The kids from the car survived, too. Miya and Baylor, the most endangered, were resuscitated at the scene, and all were taken to Logan by ambulance, then air-lifted to a hospital in Salt Lake City. They suffered hypothermia but recovered to good health. Willden’s heroic actions were credited for their happy outcome.

Teaching Points
Willden offers the following teaching points:

1.) “Regardless of the comfort level, always carry a knife, a gun, and a flashlight. These are three things I never leave home without, and two of them came in very handy that day.”
2.) “Keep your first aid and CPR certification up.”
3.) “Train in the most inopportune, worst weather you can find. If you can accomplish things in crappy weather, it will be so much easier to deal with bad things that happen in good weather.”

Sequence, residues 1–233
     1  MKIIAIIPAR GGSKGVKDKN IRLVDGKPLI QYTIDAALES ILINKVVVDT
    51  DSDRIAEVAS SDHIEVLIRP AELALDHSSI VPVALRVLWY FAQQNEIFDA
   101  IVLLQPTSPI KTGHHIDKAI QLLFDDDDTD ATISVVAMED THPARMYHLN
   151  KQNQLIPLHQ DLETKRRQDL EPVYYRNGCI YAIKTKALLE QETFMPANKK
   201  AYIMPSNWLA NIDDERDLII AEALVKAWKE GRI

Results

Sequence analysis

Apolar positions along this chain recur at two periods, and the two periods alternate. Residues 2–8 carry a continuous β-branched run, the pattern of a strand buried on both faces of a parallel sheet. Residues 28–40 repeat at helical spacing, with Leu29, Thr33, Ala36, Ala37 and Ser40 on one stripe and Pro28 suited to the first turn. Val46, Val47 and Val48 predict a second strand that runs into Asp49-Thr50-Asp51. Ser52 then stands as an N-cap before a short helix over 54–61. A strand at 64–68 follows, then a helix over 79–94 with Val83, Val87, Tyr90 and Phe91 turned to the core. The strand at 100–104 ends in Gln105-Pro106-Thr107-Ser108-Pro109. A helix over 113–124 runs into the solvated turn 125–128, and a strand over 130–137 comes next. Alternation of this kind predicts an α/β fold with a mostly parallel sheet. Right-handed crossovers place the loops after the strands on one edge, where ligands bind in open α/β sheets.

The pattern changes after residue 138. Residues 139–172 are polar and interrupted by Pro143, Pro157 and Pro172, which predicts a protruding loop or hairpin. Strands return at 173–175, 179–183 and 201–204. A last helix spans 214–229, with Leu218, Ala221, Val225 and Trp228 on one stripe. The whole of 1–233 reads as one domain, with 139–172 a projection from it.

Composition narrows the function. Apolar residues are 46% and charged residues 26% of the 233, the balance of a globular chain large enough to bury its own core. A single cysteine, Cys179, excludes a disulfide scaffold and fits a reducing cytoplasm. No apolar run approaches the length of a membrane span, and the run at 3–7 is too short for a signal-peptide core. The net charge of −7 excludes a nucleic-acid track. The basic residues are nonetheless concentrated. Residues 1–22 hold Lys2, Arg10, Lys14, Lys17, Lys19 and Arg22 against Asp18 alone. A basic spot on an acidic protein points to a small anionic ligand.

4.) “Seat belts are not easy to cut. Even with a razor-sharp blade, I had to saw through Kenya’s. I now carry a seat belt cutter and a glass breaker in my car.”
5.) “I know the Glock people won’t advocate it, but I always wondered if my pistol would shoot underwater, so I tried it about five years ago. Standing in that river, I had full faith that the gun would do what I needed it to do.”

Fellow-trainer John Farnam of Defense Training International adds this observation:

“There were several other well-meaning citizens present, who bravely endured the freezing waters that day. But only Chris was truly prepared. He had the necessary tools at hand and the boldness to unhesitatingly take unilateral, dicey, audacious action, not waiting around for ‘someone else’ to ‘do something.’

“Through preparation and boldness, he snatched victory from the jaws of disaster.”